Between Two Worlds
Bharat's Anglo-Indians struggle with identity
Mccluskieganj, a hamlet of decrepit brick and neglected gardens, is inhabited by people whose mixture of identities has left them uncertain of a place in their homeland ever since Indian independence. Timothy McCluskie, of Indo-Irish parentage, carved this niche for himself and others like him in the 1930s when the Indian national movement accelerated. Those who feared they were neither British enough to emigrate to Britain nor Indian enough to stay welcomed the enclave.
McCluskie sought out this spot in the cool hills 625 miles east of New Delhi and named it McCluskieganj. "Ganj" means alley in Urdu, but translates roughly to "neighborhood." Nearly 400 families of Anglo-Indians, a catchall phrase in India for everyone of mixed European and Indian ancestry, had settled here by the time the British left India's shores in 1947. In McCluskieganj's heyday "We had dance parties, picnics and a lot of social gatherings," recalls D. R. Cameron, a 68-year-old retired army captain. Their status and fortune have declined in the 50 years India has been independent. Only 20 Anglo-Indian families, mostly elderly, are left in McCluskieganj.
Homes are deserted. Weekly services at the Anglican and Catholic churches draw only a few worshipers. At independence, panic gripped many Anglo-Indians who feared that the favors they had enjoyed under the British would end. Young Anglo-Indians migrated to Britain, Australia and Canada. "Nationwide, the number of Anglo-Indians has dwindled from 300,000 in 1947 to 150,000," said Hedwig Michael Rego, who represents them in India's national parliament. Government job quotas for Anglo-Indians have been abandoned, and legislative quotas end in three years. "Who will hear our voice then?" Rego said.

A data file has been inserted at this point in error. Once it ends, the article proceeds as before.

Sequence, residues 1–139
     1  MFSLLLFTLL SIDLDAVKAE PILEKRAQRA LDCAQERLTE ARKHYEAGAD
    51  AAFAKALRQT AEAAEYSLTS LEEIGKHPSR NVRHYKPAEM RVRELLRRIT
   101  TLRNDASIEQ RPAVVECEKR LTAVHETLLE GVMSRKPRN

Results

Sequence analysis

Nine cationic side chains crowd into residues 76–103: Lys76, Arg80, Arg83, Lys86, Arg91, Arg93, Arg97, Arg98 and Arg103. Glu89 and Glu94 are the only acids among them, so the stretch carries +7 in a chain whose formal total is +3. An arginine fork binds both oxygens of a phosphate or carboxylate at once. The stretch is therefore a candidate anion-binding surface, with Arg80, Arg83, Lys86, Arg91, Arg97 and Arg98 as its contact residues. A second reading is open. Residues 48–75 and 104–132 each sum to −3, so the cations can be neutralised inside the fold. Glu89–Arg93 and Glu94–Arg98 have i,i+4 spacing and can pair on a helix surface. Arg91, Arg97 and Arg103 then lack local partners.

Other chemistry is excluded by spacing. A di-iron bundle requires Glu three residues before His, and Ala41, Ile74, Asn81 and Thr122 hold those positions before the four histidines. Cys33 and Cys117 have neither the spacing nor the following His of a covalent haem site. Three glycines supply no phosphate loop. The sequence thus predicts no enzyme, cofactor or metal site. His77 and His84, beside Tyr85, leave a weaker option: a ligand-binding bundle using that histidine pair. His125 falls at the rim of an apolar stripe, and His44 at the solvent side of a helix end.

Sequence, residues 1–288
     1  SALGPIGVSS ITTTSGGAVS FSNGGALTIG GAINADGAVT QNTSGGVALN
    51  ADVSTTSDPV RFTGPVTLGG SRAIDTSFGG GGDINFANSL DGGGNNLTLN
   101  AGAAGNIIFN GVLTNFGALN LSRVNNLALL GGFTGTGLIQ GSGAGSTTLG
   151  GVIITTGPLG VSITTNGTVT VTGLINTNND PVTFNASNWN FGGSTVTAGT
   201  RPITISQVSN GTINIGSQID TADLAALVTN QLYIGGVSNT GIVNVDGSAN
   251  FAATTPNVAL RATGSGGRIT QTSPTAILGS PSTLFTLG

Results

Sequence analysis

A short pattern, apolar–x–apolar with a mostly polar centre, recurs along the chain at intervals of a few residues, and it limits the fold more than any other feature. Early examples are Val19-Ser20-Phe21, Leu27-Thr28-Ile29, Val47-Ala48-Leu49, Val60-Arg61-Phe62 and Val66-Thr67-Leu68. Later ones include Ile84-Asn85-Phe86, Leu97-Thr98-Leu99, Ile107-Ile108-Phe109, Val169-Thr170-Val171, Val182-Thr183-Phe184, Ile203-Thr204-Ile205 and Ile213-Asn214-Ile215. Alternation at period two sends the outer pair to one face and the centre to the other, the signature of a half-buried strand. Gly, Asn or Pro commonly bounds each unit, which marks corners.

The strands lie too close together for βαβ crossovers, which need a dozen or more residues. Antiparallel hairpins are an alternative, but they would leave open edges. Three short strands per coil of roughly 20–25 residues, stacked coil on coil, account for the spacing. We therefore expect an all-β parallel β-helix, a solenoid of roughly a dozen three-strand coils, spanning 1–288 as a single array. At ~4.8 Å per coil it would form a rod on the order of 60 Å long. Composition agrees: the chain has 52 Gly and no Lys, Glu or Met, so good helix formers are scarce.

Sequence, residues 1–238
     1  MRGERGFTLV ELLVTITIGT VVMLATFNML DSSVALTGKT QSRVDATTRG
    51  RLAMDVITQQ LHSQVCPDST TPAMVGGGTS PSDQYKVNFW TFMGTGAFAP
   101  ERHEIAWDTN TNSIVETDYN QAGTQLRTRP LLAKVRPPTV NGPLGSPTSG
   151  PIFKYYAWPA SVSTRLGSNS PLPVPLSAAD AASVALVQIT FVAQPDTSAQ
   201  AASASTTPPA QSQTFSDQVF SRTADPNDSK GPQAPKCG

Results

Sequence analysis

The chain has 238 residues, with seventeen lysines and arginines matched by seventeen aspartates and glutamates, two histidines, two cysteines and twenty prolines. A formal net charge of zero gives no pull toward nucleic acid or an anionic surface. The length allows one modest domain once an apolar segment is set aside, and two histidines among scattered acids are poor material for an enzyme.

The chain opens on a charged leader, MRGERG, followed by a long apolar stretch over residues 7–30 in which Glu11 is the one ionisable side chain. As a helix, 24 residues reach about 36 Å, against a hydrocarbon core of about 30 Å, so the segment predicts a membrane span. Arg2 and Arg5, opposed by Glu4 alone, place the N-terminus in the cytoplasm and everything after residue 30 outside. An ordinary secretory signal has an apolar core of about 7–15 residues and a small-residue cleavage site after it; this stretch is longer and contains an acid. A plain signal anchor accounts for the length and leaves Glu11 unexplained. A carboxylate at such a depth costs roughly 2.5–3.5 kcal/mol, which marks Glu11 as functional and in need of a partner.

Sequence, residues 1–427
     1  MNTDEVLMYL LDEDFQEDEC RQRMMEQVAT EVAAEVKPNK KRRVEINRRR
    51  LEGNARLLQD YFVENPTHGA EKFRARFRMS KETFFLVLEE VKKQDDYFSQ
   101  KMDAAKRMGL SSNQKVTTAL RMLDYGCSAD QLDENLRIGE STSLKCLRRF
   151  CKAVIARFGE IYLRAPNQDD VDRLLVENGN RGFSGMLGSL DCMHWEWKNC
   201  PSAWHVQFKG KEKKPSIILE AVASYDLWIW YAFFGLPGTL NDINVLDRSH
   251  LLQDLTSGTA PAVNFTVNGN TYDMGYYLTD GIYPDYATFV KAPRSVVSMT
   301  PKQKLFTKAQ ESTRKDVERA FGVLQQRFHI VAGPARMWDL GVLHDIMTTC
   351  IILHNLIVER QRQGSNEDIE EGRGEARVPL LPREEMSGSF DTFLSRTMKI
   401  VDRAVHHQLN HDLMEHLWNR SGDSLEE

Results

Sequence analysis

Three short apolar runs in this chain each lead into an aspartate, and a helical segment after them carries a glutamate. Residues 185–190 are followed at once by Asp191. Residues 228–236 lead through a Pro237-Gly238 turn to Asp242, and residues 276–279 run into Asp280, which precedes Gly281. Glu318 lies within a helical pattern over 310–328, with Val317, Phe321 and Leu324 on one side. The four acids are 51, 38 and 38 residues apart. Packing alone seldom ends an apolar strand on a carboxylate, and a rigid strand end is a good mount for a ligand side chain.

Despite their pale skin, "the British treated us as third class citizens," said Cameron. Indians treated them with contempt. "We saw in them the remnants of the British Raj," said Deepak Singh, an Indian schoolteacher in McCluskieganj. In that limbo, many families clung to their ties to the colonial rulers, speaking only English at home, striving to mimic the lifestyle of upper class Brits. Their English guaranteed them jobs in the British-run civil service and military.
Now, few know Indian languages well enough to compete in the job market, Rego said. Cameron said Anglo-Indians depended on government jobs, failing to develop as entrepreneurs. A.K. Raphael, a 78-year-old retired police officer, blames it all on independence. "India has gone down hill since independence. Prime Minister Jawaharlal Nehru had very good ideas, but most of them have failed."1Ú4
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